The right drink can take a dish to the next level and vice versa, transforming the guest experience. From wine to beer, finding a perfect pair is much easier than you might expect. These experts share tips and tricks on pairing.
"I normally look at the region where the food is coming from and then find wines from there. Another great resource is “What to Drink with What you Eat” by Andrew Dornenburg and Karen Page."
Paul Peterson - Head Sommelier, Bouchon Las Vegas
"Some of the best pairings I've had have come from looking at the dish and thinking "If I were cooking, what ingredient could I add to this to bring it to a new and exciting place" and then finding the equivalent flavor of that ingredient in a wine, beer, etc."
Steve Wildy - Beverage Director, Vetri Family
"When pairing cocktails, wine or beer with food, I use comparing or contrasting flavors. For instance, rich seafood dishes call for high-acidity white wine. Another way I pair wine is via geography—an Italian-inspired pasta dish would pair with wine from a similar region."
Joshua Jenkins - General Manager, Lou Birds
I look for contrasting and complimenting flavors and textures, fried or richer foods with rich wines that have higher acid levels. I also love combining meats with effervescence, a grilled steak with a salty crust and rose champagne is probably my ultimate pairing.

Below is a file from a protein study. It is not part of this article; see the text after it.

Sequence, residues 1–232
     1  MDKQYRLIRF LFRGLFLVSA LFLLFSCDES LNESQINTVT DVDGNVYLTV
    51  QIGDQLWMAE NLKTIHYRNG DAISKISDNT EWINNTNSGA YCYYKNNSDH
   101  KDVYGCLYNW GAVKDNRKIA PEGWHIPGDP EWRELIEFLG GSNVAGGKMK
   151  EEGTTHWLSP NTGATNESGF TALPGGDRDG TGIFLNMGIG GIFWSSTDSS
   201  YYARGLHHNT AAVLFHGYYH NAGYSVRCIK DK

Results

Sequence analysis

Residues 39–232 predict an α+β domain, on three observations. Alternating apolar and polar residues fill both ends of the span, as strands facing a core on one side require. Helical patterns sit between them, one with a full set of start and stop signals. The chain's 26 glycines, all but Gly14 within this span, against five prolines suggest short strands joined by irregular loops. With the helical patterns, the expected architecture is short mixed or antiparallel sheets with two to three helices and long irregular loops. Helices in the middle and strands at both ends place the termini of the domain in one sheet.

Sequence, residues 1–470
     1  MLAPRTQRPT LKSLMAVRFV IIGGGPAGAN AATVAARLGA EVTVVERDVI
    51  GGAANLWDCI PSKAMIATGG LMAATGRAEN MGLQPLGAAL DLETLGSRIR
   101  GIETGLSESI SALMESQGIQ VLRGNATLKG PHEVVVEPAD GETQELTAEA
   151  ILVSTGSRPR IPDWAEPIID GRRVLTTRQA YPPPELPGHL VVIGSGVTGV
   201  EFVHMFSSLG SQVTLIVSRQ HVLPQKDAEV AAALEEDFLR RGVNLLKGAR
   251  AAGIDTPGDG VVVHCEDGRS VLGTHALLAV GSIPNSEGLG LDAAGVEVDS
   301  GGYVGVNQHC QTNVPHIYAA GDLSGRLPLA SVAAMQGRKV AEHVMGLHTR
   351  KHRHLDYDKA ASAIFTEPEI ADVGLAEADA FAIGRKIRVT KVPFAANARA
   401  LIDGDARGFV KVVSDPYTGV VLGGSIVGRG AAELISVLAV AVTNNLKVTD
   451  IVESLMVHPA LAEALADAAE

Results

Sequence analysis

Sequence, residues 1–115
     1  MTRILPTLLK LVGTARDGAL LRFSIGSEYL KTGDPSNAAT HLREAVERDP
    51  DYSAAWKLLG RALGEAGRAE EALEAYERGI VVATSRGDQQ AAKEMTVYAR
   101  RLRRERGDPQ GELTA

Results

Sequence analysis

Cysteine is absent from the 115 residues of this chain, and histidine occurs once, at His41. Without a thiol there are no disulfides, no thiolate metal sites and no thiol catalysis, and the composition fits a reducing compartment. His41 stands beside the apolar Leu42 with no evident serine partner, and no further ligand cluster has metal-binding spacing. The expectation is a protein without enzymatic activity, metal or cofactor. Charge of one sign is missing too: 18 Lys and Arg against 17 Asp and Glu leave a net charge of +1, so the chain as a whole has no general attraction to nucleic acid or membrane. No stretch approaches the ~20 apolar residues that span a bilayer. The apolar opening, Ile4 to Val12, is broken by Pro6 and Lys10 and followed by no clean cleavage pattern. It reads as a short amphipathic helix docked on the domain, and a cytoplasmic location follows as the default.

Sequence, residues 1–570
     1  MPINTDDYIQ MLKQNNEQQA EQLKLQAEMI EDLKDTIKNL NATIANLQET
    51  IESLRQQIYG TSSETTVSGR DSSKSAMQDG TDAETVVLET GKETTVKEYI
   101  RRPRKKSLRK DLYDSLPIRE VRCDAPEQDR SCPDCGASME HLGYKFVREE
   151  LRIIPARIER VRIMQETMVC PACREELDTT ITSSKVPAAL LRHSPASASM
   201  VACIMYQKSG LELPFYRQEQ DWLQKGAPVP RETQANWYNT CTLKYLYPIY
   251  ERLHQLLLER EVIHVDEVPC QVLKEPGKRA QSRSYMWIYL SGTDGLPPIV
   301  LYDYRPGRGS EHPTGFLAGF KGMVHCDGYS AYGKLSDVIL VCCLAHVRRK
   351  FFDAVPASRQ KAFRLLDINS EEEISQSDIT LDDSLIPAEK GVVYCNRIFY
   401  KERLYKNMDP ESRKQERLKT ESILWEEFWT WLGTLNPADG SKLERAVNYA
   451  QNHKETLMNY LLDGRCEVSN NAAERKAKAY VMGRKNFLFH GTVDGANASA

Daniel Toral - Wine Director, 50 Eggs
"You always want to match the weight of a drink with the weight of a food. Full bodied wines and beers will obviously go well with richer heavier foods. Look to pair the structural components of the beverage rather than the flavor profiles. Also, look to pair the garnishes of a dish such as the sauce, starch, and vegetable with the beverage rather than the protein itself which is a lot of time just a blank canvas for which flavors are applied."
Sean Dawson- Head Sommelier, Bouchon, Yountville
"For pairings, it's a multi-layered approach. First and foremost complementary flavor profiles can be really compelling in dishes. A white that has hints citrus could be compelling with a crudo dish that has the same thing, a red with gamy, sanguine notes could be dynamite with a protein that shares those flavors. Next is wine structure and how that plays with the dish, the goal is to complement, not overpower. Acidity and tannin can clean up the fatty nature of a dish, also a heavier wine might overshadow a delicate item. It's a balance, make sure that the texture of the wine is homogenous with what you are pairing it too. Also, the old adage is 'what grows together goes together', this could not be more true. Some of the most dynamic pairings in the world of food and wine are regional, they've had generations to figure it out!"
Samuel Bogue - Wine Director, Ne Timeas Restaurant Group